UPDATED: With mandatory evacuation notice
Gustav is upgraded to an "extremely dangerous" Category 4 hurricane and an estimated 1 million people fled the Gulf Coast before the mandatory evacuation order for New Orleans residents. The storm threatens to strike the Gulf Coast harder than Hurricane Katrina did three years ago this weekend.
The evacuation of New Orleans becomes mandatory at 8 a.m. Sunday along the vulnerable west bank of the Mississippi River and noon on the east bank. Mayor Ray C. Nagin calls Gustav the "mother of all storms" and told residents to "get out of town. This is not the one to play with."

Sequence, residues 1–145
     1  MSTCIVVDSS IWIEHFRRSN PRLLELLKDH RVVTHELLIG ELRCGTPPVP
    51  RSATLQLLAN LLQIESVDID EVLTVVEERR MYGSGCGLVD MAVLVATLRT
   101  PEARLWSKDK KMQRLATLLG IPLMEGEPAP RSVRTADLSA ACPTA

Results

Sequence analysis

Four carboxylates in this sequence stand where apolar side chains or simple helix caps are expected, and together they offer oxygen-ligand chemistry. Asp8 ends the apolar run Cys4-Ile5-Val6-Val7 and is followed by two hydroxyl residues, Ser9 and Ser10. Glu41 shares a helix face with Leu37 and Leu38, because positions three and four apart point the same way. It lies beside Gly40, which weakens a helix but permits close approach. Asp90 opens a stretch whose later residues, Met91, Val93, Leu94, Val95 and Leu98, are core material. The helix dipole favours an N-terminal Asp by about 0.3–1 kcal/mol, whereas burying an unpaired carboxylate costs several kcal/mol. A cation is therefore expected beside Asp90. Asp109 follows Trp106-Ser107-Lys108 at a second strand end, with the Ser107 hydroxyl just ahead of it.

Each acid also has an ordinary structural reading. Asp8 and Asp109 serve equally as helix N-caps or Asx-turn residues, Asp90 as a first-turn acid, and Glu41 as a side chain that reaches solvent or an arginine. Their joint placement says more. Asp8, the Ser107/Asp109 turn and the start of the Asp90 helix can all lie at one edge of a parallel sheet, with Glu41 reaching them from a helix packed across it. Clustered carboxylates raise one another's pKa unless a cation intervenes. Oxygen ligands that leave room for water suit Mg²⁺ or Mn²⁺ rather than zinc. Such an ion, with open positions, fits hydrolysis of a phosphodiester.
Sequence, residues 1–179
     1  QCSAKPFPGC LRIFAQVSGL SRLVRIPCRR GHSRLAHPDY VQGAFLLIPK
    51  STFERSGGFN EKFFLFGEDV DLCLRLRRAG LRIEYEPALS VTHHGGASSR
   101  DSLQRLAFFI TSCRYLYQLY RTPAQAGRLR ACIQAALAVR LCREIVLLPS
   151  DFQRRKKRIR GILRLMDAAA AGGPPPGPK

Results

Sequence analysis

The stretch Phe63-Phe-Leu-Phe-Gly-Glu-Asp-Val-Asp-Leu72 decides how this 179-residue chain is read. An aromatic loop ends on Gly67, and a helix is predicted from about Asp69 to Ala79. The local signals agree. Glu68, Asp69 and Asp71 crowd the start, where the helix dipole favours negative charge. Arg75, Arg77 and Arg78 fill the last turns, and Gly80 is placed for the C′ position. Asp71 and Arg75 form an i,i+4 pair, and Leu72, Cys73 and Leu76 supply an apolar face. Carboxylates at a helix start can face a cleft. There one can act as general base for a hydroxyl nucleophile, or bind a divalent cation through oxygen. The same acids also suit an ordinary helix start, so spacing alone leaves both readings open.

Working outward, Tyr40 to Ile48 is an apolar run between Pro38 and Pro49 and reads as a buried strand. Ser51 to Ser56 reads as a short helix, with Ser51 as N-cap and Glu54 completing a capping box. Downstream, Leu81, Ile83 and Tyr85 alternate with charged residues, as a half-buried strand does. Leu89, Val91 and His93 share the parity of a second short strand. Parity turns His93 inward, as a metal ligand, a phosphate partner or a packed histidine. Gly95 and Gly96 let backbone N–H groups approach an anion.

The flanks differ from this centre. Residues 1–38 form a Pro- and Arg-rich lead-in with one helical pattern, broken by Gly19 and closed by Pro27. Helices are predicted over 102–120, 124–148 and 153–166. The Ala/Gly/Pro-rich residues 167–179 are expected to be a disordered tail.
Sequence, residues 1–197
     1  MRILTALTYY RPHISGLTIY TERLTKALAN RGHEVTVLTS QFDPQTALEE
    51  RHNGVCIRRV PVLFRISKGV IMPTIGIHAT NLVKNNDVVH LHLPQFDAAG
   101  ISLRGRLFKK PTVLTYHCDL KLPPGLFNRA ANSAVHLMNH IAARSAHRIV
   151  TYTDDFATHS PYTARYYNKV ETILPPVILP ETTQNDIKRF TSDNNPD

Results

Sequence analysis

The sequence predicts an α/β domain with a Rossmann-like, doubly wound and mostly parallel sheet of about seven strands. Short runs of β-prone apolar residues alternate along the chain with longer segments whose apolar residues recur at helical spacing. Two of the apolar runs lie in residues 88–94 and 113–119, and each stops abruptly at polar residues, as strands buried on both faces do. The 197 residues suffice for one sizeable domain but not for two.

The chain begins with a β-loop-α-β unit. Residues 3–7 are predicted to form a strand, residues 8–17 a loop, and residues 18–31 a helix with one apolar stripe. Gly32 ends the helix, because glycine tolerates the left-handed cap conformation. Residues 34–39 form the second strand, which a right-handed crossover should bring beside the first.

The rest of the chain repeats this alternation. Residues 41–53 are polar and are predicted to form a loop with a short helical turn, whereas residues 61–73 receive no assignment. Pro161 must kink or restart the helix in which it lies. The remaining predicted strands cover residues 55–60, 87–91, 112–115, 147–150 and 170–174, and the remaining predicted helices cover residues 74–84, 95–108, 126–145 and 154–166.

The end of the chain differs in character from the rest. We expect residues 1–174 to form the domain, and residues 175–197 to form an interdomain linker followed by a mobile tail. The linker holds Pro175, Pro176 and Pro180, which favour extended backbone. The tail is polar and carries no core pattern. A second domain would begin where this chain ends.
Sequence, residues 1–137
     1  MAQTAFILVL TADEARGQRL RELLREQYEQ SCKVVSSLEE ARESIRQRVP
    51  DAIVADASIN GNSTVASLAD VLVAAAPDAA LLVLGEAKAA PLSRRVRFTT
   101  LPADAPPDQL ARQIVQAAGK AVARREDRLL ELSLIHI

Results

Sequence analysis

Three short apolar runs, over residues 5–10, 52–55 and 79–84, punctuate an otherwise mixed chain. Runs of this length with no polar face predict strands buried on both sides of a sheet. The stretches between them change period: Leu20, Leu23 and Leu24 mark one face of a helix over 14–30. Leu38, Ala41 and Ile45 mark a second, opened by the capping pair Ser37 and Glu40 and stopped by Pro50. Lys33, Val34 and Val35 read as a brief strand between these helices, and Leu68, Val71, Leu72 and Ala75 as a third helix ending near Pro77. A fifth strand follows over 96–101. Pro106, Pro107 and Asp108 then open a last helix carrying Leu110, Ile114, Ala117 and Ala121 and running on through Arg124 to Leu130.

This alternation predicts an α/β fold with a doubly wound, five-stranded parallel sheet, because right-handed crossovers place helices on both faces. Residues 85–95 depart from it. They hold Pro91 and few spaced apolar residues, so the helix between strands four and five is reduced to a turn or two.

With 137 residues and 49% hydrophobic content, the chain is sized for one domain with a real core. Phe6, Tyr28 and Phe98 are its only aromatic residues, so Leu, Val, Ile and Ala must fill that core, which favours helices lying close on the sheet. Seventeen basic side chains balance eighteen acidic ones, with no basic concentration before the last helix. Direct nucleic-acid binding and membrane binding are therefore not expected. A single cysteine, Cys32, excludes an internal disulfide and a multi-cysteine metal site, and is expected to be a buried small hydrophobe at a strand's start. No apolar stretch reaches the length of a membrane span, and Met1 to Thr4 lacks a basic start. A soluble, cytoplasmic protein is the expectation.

With winds exceeding 145 mph, Gustav became a Category 4 storm on Saturday as it menaced western Cuba. Forecasters predict the storm will reach Category 5—the strongest level—and winds at better than 155 mph before hitting the Gulf Coast states as early as September 1. Gustav has already killed more than 80 people in the Caribbean, and, if current forecasts hold, it will make landfall Monday afternoon "somewhere between East Texas and western Mississippi."
Hurricane Katrina struck Louisiana on Aug. 29, 2005 as a Category 3 hurricane with winds near 130 mph. New Orleans suffered a catastrophic flood as the city's levee system collapsed. It killed 1,800 people and caused more than $80 billion in damage. This was the most destruction of any U.S. storm.